I have always been a very creative person, but over the last few years, I have found myself relying on Pinterest for all my ideas. Although there are some amazing creations on Pinterest, I miss my originality. So this project was inspired completely by myself walking through the hardware store. Take a look for yourself!
What You’ll Need
- 2.5″ pine board to the length you desire ( mine was 30″)
- 6″ plywood or board of your choice to the same length as the smaller board
- 7 pieces of different size doweling ( the thickest piece was the same thickness as the pine board)
- Stain in the colours of your choice ( I used 5 different colours in total)
- Sand Paper 120 grit
- Weldbond Glue
- Coat Rack Hooks ( I used 7 for this project)
- Hanging Hooks
All of this you can get from one place! Your local building supplies store
Step One: Sand & Stain
Sanding the wood is very crucial before staining. You need to remove the layer of sap that forms when wood gets smoothed out from the planer. If you do not, stain is unable to penetrate the wood and is more likely to fail.
I used Minwax Ebony stain for the 2.5″ piece of pine I had. I also stained all the edges of the larger piece of wood for a better over all look.
Step Two: Attaching
Attach the two pieces of wood together using screws from the back side.
Step Three: Hanging
Attach your hanging attachments evenly on the back of the board
Step Four: Hooked On
Getting the right spacing for the different hooks was a bit of a pain, but after a lot of measuring, I got them perfect! I used painters tape to show the exact location of the hooks.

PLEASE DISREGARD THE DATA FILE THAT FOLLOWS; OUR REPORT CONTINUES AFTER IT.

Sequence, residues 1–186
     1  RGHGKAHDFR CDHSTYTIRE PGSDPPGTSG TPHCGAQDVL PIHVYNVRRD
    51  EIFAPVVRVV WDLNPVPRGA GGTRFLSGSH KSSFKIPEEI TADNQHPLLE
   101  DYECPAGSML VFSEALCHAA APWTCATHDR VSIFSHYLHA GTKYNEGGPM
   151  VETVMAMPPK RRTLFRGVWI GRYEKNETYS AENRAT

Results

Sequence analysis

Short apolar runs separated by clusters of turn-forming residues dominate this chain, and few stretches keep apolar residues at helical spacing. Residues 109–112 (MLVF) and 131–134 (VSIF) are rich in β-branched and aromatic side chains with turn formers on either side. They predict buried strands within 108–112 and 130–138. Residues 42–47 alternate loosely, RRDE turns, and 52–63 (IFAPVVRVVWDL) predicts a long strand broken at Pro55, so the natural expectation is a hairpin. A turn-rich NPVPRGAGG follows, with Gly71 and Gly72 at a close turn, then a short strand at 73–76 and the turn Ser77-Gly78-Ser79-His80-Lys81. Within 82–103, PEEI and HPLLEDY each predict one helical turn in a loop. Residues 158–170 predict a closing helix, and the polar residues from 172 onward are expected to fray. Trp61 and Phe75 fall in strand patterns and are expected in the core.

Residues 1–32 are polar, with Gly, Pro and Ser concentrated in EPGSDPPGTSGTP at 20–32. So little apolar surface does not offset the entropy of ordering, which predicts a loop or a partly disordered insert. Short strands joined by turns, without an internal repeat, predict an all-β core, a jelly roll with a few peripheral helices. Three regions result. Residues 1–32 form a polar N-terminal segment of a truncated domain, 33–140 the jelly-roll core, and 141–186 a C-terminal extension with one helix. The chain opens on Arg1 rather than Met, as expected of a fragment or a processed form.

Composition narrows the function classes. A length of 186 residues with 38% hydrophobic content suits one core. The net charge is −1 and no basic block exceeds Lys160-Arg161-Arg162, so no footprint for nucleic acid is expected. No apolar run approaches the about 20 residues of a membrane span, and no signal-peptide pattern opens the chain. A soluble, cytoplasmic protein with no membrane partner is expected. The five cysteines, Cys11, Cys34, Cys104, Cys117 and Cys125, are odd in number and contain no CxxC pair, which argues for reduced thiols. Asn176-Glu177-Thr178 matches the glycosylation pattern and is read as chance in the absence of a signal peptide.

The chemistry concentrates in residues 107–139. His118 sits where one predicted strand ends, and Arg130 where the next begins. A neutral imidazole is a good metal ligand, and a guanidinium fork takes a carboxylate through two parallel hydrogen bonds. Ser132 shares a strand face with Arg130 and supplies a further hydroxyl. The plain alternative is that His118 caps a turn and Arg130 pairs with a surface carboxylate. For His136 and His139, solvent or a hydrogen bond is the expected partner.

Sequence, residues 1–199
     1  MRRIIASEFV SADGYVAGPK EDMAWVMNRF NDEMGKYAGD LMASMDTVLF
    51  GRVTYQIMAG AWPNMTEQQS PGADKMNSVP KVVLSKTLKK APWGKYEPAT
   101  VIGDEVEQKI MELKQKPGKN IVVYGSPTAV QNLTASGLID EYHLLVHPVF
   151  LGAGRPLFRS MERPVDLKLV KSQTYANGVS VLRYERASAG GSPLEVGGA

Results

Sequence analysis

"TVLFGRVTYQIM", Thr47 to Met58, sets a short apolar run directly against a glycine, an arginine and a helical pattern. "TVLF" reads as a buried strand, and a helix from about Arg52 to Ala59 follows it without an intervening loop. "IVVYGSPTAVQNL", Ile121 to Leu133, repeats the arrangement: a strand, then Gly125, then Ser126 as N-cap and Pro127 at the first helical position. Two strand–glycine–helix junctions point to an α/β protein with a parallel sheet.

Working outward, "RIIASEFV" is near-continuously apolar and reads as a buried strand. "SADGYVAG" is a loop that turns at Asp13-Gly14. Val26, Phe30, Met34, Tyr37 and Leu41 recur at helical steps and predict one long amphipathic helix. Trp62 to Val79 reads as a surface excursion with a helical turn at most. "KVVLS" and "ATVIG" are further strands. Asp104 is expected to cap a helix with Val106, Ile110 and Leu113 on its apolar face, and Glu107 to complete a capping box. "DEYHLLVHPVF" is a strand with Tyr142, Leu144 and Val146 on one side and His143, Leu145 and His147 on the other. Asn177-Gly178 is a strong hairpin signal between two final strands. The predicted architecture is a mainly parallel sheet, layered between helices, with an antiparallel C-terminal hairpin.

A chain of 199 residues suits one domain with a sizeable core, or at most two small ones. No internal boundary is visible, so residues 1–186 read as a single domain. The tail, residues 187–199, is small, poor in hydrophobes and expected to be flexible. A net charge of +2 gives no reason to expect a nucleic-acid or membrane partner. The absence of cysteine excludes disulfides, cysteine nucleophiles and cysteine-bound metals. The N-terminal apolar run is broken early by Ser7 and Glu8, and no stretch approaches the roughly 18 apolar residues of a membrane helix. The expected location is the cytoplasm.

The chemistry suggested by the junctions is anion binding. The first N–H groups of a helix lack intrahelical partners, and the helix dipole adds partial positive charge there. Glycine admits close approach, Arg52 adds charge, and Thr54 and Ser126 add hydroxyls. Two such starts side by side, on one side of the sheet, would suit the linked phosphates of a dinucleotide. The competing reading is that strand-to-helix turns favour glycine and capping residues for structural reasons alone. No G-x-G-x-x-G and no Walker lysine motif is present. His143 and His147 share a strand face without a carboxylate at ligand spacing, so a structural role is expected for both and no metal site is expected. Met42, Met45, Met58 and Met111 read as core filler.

Step Five: Cut the Doweling
I taped all the pieces of doweling together so it was easier to cut with the hand saw and pieces wouldn’t fly everywhere. I wanted all the sizes to be random, I just made sure that the smallest pieces were tall enough to cover the back board.
Step Six: Sand the Edges
Sand all the edges of the doweling so you don’t get slivers and it looks nicer.
Step Seven: Stain the Doweling
I divided the doweling pieces into four groups for my four different stain colours. In the groups were different lengths and thickness’. Allow plenty of time for the stain to dry and don’t forget to stain at least one end of the doweling
Step Eight: Glue the doweling on
I use Weldbond glue for everything! It’s my favorite glue to use for these type of projects.
I put all the doweling in a box and just picked randomly as I glued them down.
I worked with about 4″ sections so the glue wouldn’t set up too fast.
Allow to dry for a few hours
Step Nine: Hang and Enjoy!
Thanks for taking a look at my Blog. Check back again for cool, crafty and original ideas!